The trend last year about using "big data" in higher education is a very real trend, but not one that is always easy to explain to people.
One way to define big data is to say that it is usually "data sets with sizes beyond the ability of commonly-used software tools to capture, curate, manage, and process the data within a tolerable elapsed time." Okay, but... Some examples include information in web logs, data from the RFID tags on many objects, social network activity and other social data and Internet search indexing.
So, it's no surprise that Google has a lot of data and tries to use it in many ways. Some of it goes to trying to target ads that you see to your online activities. But, a "better" use is when they use it to benefit all of us. For example, while millions of users around the world search for health information, they can see trends. Right now there are more flu-related searches and a few years ago Google began to ask if search query trends could provide the basis for an accurate, reliable model of real-world phenomena.
By the way, much of this work comes from Google.org rather tha n the google.com you use to search. Google.org is the group that develops "technologies to help address global challenges and supports innovative partners through grants, investments and in-kind resources."
Some examples of their work are Google Person Finder, which helps reconnect people in the wake of major disasters and Google Earth Engine to enable scientists, governments and native tribes to monitor changes to the Earth’s surface. (They also funded organizations for efforts in improving education, health and clean water access in the developing world, leading scientific discoveries about deadly diseases or incubating new forms of renewable energy.)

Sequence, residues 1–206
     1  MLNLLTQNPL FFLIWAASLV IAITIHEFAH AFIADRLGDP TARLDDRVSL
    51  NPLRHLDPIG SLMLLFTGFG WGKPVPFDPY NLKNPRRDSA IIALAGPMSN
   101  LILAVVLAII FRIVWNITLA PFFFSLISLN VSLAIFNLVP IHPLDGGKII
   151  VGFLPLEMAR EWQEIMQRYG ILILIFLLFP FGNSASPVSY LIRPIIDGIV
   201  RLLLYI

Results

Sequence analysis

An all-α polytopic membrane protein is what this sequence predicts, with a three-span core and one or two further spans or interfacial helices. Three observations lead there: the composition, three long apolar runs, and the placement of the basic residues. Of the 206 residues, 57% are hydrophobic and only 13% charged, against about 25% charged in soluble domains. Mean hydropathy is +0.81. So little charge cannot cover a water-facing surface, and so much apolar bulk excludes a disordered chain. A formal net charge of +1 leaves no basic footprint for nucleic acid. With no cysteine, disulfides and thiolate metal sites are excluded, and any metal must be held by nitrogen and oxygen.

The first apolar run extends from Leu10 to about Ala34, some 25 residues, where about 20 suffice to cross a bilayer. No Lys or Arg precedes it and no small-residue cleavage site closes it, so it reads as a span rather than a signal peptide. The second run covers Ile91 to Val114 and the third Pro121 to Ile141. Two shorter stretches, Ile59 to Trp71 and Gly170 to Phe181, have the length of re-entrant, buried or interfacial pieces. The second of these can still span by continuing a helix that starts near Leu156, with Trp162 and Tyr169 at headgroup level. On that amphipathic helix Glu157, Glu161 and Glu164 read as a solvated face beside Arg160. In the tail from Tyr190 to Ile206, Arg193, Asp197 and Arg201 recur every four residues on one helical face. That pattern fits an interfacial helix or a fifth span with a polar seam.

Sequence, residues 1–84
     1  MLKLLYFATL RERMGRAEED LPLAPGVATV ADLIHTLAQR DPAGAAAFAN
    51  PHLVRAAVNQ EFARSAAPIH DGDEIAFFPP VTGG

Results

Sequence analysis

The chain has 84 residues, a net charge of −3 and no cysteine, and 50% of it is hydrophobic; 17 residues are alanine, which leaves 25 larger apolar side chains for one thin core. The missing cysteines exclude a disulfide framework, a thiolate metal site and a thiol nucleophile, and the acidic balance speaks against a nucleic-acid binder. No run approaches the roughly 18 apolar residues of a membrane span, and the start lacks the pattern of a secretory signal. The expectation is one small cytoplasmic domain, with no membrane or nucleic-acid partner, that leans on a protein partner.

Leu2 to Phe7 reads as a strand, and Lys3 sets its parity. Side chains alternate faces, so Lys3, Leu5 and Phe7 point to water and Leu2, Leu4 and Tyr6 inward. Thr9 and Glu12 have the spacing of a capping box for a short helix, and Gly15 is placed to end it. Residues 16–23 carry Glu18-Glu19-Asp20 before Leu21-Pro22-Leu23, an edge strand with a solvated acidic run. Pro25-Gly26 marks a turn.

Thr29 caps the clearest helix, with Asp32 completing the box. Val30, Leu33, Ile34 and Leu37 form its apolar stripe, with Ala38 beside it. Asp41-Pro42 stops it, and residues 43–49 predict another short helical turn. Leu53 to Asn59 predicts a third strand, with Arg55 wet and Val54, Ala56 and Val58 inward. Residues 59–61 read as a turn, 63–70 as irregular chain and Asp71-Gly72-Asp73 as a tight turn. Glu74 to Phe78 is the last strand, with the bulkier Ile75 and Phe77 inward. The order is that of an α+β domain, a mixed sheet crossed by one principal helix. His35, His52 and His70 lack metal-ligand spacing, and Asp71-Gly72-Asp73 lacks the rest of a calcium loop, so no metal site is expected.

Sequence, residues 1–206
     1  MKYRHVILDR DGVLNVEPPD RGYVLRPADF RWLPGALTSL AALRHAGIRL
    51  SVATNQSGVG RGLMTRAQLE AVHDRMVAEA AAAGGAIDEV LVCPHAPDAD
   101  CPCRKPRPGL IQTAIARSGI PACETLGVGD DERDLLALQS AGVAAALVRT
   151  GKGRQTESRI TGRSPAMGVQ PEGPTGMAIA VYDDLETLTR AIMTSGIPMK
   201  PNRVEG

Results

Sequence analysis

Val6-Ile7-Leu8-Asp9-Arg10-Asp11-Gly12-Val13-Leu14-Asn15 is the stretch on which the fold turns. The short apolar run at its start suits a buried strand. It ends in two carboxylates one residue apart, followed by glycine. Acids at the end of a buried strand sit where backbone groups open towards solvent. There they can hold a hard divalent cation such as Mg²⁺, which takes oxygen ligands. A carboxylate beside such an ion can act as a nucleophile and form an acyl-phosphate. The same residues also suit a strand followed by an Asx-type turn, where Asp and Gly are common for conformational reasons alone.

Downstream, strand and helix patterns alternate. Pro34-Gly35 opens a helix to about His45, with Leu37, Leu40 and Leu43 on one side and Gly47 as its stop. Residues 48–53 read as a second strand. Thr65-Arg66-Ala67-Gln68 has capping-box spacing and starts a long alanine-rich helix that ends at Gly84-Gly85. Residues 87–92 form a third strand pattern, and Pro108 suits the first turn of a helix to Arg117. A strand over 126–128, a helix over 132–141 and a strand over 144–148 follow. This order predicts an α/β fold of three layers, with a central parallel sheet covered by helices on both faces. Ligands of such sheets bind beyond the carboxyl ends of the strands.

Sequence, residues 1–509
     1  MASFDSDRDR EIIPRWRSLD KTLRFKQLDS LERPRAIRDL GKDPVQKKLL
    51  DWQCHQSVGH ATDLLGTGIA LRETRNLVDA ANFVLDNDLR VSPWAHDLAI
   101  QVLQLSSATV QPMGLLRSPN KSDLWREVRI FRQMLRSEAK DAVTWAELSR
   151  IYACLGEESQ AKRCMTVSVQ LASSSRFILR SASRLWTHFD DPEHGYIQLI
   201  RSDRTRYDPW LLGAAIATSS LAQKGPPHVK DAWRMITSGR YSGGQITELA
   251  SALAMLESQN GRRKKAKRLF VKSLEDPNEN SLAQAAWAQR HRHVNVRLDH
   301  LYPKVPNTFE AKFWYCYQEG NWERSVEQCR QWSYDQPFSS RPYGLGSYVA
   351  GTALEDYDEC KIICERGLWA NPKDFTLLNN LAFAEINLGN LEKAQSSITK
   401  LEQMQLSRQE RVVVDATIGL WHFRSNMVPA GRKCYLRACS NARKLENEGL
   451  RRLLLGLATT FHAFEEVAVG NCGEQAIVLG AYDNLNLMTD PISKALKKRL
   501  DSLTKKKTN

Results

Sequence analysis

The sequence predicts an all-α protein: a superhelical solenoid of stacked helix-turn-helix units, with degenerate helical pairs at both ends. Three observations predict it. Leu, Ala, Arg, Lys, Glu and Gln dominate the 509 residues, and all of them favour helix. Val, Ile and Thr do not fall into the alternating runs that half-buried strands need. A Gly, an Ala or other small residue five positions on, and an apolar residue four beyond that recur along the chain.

They have developed ways of tracking Flu and text-decoration: initial;">Dengue Trends, which use the big data from search to provide early warning systems for possible disease outbreaks. If you look at their United Staes Flu Trends now, you can see that they have found a close relationship between how many people search for flu-related topics and how many people actually have flu symptoms.
The skeptical student in all of us might say that not everyone who searches for "flu" is actually sick, but it turns out that a pattern emerges when all the flu-related search queries are added together.
As you can see in the graph at the top of this post, the search trends closely match (and sometimes indicate beforehand) the information obtained by the Center for Disease Control (CDC).
Their findings, which have been published in the journal Nature, compared their query counts with traditional flu surveillance systems and found that many search queries tend to be popular exactly when flu season is happening. The numbers on these search queries give an accurate estimate of how much flu is circulating in different cities, states, countries and regions around the world.
Like most of you, I am less impressed when Facebook or Google knows to give me ads about education and technology, and more impressed if they can predict a pandemic early enough to get enough vaccines made and into the right places.